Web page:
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At least 74 killed in Damascus religious site twin blasts

COMPILED FROM WIRE SERVICES
DAMASCUS, Syria
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A handout photo made available by the Syrian Arab News Agency (SANA) shows a damaged bus at the site of bombing, in Damascus, Syria on March 11, 2017. (EPA Photo)
A handout photo made available by the Syrian Arab News Agency (SANA) shows a damaged bus at the site of bombing, in Damascus, Syria on March 11, 2017. (EPA Photo)

The toll from twin bombings targeting Shiite pilgrims at a religious site in the center of the Syrian capital Damascus has risen to 74 dead, a monitor said on Sunday.

The dead included 54 civilians and 20 security personnel, the Syrian Observatory for Human Rights said. The Britain-based monitor said that 11 bystanders and eight children were among those killed.

Among the victims of Saturday's blasts were 43 Iraqi pilgrims who had come to Damascus to visit Shiite shrines in Damascus's famed Old City.

Saturday's attack close to the Bab al-Saghir cemetery in central Damascus, frequented by Shiite Muslims, was caused by a roadside bomb followed by a suicide bomber who blew himself up in a crowd of visitors, according to the Observatory.

The attack has left dozens of people injured and some of them are still in critical condition, the watchdog said.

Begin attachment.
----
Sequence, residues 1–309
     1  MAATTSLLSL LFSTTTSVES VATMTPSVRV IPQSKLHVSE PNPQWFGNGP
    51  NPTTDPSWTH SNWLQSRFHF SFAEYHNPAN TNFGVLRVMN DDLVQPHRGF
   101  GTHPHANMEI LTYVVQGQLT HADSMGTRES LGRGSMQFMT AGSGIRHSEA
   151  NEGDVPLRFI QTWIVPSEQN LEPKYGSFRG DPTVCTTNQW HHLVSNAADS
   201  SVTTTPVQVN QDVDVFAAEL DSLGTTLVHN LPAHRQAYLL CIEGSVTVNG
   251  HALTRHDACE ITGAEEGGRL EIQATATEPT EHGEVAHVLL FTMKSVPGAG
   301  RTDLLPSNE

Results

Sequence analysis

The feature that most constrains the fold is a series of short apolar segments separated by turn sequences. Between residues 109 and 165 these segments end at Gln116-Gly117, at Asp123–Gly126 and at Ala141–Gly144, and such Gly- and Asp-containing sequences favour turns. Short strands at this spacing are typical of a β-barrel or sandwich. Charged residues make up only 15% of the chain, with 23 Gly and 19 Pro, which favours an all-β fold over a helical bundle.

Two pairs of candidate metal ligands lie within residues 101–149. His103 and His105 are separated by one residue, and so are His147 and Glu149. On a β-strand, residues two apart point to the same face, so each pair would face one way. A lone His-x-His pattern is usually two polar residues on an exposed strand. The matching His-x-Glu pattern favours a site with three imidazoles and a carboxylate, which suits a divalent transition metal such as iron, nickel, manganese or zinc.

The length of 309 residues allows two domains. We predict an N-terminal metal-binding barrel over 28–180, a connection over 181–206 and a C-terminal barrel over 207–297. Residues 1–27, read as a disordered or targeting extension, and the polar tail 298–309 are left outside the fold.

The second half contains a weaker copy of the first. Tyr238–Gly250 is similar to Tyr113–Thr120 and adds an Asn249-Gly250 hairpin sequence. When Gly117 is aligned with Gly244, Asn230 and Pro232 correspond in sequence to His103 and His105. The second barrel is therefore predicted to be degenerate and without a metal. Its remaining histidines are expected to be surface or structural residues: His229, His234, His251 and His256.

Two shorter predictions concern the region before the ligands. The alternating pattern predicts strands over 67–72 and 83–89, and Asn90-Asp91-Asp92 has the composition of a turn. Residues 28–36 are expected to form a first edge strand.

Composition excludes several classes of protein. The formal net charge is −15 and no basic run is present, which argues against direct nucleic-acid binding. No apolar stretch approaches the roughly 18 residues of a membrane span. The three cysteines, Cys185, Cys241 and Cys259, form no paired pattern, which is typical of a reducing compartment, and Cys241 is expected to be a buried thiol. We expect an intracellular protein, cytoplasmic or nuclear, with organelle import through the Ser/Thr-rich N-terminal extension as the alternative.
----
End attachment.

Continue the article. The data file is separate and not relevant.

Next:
Iraq said that the attack had killed 40 of its nationals and injured 120 others who were visiting.

Syria's state news agency SANA said 40 people were killed and around 120 injured in the attack that it said was caused by two explosive devices.

There has not been yet a claim of responsibility.

In a statement released on Sunday, Turkish Foreign Ministry condemned the attack. "We strongly condemn the bomb attack perpetrated yesterday (11 March) in Syria's capital Damascus, which targeted the visitors of the Shiite holy places and resulted in the death and injury of many people. We wish Allah's mercy upon those who lost their lives, and speedy recovery to the wounded," the statement said.

Shiite shrines are a frequent target for extremists groups of Al-Qaeda and the Daesh, not only in Syria but also in neighboring Iraq.

Damascus has seen several attacks since the Syrian conflict started in March 2011.

In November last year, 20 people were killed in two suicide attacks in the mainly Shiite suburb of Sayeda Zeinab in southern Damascus. The radical Daesh terrorist group claimed that attack.

Twin suicide bombings in the high-security Kafr Sousa district of the capital in January killed 10 people, eight of them soldiers.

That attack was claimed by former Al-Qaeda affiliate Fateh al-Sham Front.

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